That’s one reason why I am less than persuaded by arguments that veteran journalists will have to leave NASW at the decree of their employers if the amendment passes, or freelancers will have to turn down assignments from editors who require a purity pledge that forbids fraternizing with PIOs. If editors don’t already sanction staff writers or freelancers because NASW has more PIO members than staff journalist members, or because its governing Board includes PIO members, or because its programs and activities also support the directors of public information offices, I fail to see this additional step will be the death knell. And in fact when I raised this for a reality check with Phil Corbett, standards editor of the NYT, he said he could find no reason why their staff journalists couldn’t continue to enjoy NASW fellowship if the amendment were approved — it represented little change in their minds to what they already recognize NASW to be. If, on the other hand, these staff journalists and freelance members have not already been honest with their editors about their membership in NASW, what NASW is, who its members are, and the critical role PIOs already play in its day to day operations, then I would say this is either willful deception or a nostalgic wish for the old days when it might have been otherwise (although you’d have to go *very* far back in NASW history for that).
    This conversation was never intended as an “us vs them” issue by proponents of the amendment, but rather as an “us & them” issue, a genuine attempt at formalizing the inclusive organization I (and many others) hoped to move us toward by joining, by pushing the 1998 amendment, and by offering the amendment before us now. No one regrets the hard line some have taken in opposing this amendment more than I. It says a great deal, as Robin notes above, that journalistic coverage of this issue is all about the “split” and the “existential crisis” and not about the common ground and common values we share — and all deserve an equal stake in — as we leverage our affiliation with NASW to communicate about science, health, and technology.

    I am sorry this has become such a divisive issue. I have benefitted greatly from being a NASW member and worry about its future.

    For those who support the amendment I have to ask why now? You knew the rules going in when you joined. How would the organization be better if PIOs were officers?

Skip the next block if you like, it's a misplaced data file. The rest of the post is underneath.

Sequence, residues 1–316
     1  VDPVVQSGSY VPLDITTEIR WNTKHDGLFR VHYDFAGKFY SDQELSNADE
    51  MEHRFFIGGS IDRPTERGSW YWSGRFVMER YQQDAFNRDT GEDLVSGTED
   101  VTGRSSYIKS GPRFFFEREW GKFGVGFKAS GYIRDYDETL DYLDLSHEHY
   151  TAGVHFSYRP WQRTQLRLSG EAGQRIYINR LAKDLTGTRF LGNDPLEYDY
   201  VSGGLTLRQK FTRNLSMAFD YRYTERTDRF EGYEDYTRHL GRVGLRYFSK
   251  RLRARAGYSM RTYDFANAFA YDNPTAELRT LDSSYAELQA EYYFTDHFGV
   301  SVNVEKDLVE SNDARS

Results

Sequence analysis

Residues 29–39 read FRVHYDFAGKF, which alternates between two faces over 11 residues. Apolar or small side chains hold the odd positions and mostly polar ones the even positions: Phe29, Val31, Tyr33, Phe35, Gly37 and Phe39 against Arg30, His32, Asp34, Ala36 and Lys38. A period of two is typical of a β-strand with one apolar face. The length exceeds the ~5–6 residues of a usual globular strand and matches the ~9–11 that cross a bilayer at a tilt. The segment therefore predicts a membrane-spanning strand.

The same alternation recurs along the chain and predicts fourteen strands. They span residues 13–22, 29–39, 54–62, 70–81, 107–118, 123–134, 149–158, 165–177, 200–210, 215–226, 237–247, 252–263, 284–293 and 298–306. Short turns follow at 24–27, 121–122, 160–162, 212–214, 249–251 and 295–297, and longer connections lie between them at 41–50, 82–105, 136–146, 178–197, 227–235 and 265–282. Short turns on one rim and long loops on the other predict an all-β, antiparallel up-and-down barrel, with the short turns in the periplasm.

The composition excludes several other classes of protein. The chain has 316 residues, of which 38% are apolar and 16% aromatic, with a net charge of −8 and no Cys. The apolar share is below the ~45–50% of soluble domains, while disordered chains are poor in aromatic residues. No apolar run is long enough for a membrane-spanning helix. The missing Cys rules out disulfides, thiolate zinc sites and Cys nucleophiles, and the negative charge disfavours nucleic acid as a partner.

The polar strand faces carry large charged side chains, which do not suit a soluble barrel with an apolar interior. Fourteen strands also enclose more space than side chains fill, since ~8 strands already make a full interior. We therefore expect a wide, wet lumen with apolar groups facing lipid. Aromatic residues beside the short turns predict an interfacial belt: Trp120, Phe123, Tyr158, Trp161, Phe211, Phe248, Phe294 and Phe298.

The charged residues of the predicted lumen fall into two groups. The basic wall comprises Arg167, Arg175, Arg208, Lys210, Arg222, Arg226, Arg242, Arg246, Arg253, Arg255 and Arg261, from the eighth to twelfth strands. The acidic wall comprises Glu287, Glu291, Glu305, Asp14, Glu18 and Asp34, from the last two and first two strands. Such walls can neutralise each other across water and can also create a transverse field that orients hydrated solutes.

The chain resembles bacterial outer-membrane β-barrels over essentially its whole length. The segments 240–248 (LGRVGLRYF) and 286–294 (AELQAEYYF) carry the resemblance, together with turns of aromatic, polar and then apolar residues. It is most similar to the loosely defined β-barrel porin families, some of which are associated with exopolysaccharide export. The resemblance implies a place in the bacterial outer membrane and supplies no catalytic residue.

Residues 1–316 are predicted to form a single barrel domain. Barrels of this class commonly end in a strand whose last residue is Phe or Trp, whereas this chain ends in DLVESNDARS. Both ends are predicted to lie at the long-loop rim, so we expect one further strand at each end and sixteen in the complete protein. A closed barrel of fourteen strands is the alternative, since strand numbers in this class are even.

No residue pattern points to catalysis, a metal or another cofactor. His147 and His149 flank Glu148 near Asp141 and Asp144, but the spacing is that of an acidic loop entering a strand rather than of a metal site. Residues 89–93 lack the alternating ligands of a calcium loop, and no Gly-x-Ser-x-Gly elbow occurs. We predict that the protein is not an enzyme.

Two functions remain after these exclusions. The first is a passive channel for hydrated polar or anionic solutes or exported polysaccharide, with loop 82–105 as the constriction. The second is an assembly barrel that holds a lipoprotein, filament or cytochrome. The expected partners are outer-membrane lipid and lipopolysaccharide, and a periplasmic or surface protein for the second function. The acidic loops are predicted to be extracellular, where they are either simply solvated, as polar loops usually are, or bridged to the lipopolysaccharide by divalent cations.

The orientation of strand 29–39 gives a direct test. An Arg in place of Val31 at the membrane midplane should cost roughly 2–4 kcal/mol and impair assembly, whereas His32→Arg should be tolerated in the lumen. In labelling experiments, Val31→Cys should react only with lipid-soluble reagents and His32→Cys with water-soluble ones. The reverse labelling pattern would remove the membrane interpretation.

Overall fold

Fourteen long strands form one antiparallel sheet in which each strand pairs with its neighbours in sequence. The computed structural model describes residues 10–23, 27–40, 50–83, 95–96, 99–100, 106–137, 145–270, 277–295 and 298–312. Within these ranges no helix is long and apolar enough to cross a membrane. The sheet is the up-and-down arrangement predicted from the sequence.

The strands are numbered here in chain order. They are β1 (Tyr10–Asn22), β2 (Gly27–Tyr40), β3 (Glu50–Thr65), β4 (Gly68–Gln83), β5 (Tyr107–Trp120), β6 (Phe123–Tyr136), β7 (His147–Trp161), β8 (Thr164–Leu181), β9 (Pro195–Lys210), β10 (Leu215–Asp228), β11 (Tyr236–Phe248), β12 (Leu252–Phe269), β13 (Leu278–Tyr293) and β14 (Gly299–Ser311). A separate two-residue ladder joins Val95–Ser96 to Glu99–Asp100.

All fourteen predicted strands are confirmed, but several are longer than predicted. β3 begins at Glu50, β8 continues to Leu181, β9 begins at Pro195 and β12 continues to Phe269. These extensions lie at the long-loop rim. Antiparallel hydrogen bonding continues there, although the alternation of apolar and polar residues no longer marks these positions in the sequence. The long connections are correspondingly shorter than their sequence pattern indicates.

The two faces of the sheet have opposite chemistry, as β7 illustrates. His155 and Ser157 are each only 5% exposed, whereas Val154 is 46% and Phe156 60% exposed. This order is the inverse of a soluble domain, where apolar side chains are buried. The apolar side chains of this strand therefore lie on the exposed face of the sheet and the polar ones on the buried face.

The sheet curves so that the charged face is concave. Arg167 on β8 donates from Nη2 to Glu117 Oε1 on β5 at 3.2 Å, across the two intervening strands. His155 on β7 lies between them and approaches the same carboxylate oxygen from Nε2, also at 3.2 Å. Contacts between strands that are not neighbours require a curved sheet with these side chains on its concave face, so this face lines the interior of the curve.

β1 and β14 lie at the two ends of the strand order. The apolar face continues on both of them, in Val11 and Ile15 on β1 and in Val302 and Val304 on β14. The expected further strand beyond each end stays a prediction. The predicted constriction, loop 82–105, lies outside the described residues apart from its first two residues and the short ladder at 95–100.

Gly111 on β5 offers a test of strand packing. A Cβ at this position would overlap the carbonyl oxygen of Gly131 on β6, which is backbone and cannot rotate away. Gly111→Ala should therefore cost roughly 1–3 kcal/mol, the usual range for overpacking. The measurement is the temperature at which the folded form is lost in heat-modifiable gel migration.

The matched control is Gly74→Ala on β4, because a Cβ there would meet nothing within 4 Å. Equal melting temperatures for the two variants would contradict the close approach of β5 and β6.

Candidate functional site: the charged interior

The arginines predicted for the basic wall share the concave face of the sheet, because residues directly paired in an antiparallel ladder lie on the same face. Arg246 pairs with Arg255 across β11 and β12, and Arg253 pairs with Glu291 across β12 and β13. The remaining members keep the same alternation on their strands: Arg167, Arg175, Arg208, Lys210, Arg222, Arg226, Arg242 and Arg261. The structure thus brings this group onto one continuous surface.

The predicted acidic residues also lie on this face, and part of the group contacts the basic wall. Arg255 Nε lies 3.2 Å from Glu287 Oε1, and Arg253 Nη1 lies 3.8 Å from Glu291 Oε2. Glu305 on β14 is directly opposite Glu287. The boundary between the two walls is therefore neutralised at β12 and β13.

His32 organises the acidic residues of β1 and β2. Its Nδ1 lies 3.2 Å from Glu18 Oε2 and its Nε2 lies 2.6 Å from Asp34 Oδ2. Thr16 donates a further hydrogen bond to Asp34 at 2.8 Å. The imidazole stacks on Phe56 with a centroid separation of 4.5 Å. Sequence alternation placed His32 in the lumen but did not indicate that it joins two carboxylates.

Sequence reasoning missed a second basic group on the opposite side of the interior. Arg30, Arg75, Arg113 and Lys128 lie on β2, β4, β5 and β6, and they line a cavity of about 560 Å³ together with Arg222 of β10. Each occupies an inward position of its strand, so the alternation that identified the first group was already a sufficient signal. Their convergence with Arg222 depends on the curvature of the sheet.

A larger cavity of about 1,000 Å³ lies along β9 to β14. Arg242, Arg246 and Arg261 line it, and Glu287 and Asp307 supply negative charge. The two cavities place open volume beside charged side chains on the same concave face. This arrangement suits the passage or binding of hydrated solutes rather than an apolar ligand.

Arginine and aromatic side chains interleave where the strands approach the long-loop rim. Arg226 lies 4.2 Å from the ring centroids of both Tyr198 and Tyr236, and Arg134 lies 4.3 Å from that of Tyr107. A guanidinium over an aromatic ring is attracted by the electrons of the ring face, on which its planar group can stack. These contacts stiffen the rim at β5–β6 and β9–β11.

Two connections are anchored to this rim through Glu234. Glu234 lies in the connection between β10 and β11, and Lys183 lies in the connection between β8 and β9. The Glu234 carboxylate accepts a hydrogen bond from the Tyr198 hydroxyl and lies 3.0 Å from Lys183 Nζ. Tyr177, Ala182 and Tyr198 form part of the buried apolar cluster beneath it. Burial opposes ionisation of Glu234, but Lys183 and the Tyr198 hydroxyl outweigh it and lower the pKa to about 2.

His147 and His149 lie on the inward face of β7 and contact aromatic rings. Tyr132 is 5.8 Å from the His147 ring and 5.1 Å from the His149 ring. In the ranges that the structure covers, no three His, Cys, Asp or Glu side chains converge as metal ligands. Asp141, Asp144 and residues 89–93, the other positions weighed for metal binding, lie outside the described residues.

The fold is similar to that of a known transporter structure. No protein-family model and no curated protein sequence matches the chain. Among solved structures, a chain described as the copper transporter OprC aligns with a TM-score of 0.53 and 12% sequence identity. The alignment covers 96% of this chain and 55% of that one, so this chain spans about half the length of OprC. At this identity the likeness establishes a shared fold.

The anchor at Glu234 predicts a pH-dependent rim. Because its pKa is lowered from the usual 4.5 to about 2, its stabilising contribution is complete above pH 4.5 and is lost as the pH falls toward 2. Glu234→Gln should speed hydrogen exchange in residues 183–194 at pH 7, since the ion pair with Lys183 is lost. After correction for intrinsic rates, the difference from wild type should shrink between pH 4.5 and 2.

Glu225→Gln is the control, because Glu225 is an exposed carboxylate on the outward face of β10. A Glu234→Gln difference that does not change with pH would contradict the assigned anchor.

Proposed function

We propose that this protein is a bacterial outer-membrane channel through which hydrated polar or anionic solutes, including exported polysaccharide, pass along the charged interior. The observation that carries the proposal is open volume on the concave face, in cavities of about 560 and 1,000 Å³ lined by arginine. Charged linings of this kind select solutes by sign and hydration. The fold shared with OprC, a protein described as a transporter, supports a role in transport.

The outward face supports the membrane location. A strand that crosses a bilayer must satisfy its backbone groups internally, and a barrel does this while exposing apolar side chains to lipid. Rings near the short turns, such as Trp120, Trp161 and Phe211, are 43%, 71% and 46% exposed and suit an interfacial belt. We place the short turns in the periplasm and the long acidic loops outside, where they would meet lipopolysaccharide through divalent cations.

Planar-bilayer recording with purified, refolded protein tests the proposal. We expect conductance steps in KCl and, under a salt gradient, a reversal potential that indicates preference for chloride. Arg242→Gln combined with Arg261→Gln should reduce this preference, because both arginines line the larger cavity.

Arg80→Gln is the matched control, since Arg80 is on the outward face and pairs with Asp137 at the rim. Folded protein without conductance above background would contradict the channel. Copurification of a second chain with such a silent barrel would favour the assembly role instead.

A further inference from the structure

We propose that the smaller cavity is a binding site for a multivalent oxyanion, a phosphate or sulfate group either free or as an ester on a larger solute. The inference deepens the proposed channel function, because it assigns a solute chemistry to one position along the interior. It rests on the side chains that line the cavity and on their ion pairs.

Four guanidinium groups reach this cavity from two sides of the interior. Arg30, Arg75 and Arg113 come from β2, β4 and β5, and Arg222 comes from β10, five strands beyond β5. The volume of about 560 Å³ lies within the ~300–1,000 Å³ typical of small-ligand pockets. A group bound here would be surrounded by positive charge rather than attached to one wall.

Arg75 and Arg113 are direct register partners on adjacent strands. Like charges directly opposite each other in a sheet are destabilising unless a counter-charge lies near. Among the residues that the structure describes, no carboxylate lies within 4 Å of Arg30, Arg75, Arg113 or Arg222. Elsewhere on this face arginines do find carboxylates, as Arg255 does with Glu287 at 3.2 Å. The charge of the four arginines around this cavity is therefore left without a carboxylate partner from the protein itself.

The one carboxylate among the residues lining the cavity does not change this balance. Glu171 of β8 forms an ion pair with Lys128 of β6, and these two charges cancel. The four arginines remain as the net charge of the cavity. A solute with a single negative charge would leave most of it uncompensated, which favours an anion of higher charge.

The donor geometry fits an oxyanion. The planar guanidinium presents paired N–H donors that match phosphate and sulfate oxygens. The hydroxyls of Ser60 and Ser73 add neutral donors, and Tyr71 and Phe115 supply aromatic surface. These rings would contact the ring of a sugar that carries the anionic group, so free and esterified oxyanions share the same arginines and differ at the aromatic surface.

Thanks for highlighting the board’s statement, Tom. Your write-up gives a full and fair description of the statement and the nuance we worked so hard to achieve. But I sure do wish the headline had been something other than “Board Says No to PIOs.” That’s the exact kind of shorthand that many of us were worried about when we worked on that statement.

    Speaking for myself, the main reason I oppose the amendment has less to do with the whole debate over who’s a journalist and whether non-journalists are getting enough respect in the organization. The main reason I oppose it is for what it has come to represent — a showdown between us versus them, in which nobody will win and the organization as a unified entity will lose.

    NASW has been a great resource throughout my professional life, which is why I’ve been a member since 1979 (how could I be that old??) and why I’ve devoted tons of unpaid hours to volunteering in various capacities, especially in the past 15 years as I’ve felt more stable in my own career and felt the importance of giving back to the community in some way. The organization I’ve been devoted to, one that made me feel welcome as a young unknown and that has put me in touch with so many amazing people, is what’s being threatened, which is why I joined the rest of the board in writing up our statement.

    I actually just wish we could move on from this particular petition and seek a better solution to the hurt and anger that so many PIO members are feeling. But that doesn’t seem to be in the cards.

    While opposition to the amendment is unanimous on the board, the 14 of us constitute a variety of professional roles — and, believe me, a variety of personalities — and we come to our unanimous opposition for a variety of reasons. I’ve just expressed mine, and there are probably 13 more that the other board members can express. But I gotta say, emphatically, that “Say No to PIOs” was not part of the reasoning for any of us.

    Thanks Robin. I agree that the headline doesn’t fully capture the nuance of the board’s position. At the same time, for all of the nuance and soft-stepping, it’s hard to ignore the simplicity of what the PIOs behind this amendment proposal seem to be after, which is full and unqualified participation in the organization at all levels. While it’s clear that some board members would prefer that the discussion focus on alternative solutions, that preference carries with it an implied rejection of what the petitioners really want. I don’t see any way around that.

    Of course, I say all of this strictly as an observer — and self-identified journalist — who has never held membership in NASW. But from this vantage, when a group of likeminded individuals say they want something, and those in power suggest they should want something else — well, that strikes me as a “no,” however qualified. I’m sure it hits the ears of many PIO members that way.